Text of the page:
Domme is a little larger than many of the bastide towns, and is found perched high above the Dordogne River, with wonderful views of the river and countryside. Unusually among the bastide towns, Domme retains part of its original fortified walls and the gateways into the town.
Perhaps the overly perfect restoration and over-commercialisation of the town reduces the feeling of authenticity that is found in, say, Monpazier. However a visit remains a 'must'.
There are also some very good caves accessed from the centre of Domme. The town is also listed as 'one of the most beautiful villages in France'
2nd opinion: My husband wrote the above and whilst he may be right that it is overly restored Domme is nonetheless one of my favourites. The stone is that lovely golden colour that is found in the Dordogne area (it is whiter where we are in Lot et Garonne) and it is perched above the river giving it lovely views. There are lots of beautiful houses making it a lovely village to walk around. Admittedly in the height of summer this is more difficult and shops full of tat open but outside the main season it is a treat.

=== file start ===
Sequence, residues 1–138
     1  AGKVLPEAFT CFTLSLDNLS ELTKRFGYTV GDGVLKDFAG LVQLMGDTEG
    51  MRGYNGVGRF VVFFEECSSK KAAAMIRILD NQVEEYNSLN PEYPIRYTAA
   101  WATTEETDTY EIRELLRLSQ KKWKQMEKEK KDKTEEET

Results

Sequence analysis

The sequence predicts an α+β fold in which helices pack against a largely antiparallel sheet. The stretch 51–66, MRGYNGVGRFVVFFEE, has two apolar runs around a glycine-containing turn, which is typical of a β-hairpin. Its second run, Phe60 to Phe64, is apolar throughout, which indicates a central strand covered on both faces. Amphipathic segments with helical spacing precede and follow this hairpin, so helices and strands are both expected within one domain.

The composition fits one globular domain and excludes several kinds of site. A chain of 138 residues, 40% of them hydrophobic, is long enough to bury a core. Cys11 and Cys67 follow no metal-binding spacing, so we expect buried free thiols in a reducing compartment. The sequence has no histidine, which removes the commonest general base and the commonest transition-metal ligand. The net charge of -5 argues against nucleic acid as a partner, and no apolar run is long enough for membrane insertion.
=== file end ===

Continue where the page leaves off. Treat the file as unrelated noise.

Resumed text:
Domme still has most of its ancient ramparts including three ancient gates, the best preserved is the Porte des Tours, flanked by two guard towers. These were converted into prisons in 1307 when the Knights Templars were arrested by the king. It is still possible to see the engraved crucifixes they carved whilst they were locked up her. The two other gates are Porte de la Combe and Port del Bos.
The caves, the Grottes de Domme, have been used in the past to shelter the town's inhabitants during the Hundred Years' War, though the upper part was only discovered in 1954. There are more than 400m of stalactite filled galleries and a glass lift takes you back up to the surface.